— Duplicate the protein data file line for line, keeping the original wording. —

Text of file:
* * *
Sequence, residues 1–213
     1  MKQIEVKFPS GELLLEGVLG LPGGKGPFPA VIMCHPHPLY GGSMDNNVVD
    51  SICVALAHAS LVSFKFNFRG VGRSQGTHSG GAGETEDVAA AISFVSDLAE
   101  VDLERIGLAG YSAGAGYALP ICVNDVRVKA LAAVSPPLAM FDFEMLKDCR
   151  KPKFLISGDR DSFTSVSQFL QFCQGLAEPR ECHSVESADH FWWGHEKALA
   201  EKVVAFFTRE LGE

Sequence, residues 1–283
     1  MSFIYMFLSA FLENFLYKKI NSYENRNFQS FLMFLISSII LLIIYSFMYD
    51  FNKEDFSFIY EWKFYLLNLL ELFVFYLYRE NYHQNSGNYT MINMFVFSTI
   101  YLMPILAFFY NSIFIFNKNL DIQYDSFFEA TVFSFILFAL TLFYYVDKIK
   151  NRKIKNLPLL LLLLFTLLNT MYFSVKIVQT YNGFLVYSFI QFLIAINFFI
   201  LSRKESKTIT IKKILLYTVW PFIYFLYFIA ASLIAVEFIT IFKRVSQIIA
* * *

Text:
Sequence, residues 1–213
     1  MKQIEVKFPS GELLLEGVLG LPGGKGPFPA VIMCHPHPLY GGSMDNNVVD
    51  SICVALAHAS LVSFKFNFRG VGRSQGTHSG GAGETEDVAA AISFVSDLAE
   101  VDLERIGLAG YSAGAGYALP ICVNDVRVKA LAAVSPPLAM FDFEMLKDCR
   151  KPKFLISGDR DSFTSVSQFL QFCQGLAEPR ECHSVESADH FWWGHEKALA
   201  EKVVAFFTRE LGE

Sequence, residues 1–283
     1  MSFIYMFLSA FLENFLYKKI NSYENRNFQS FLMFLISSII LLIIYSFMYD
    51  FNKEDFSFIY EWKFYLLNLL ELFVFYLYRE NYHQNSGNYT MINMFVFSTI
   101  YLMPILAFFY NSIFIFNKNL DIQYDSFFEA TVFSFILFAL TLFYYVDKIK
   151  NRKIKNLPLL LLLLFTLLNT MYFSVKIVQT YNGFLVYSFI QFLIAINFFI
   201  LSRKESKTIT IKKILLYTVW PFIYFLYFIA ASLIAVEFIT IFKRVSQIIA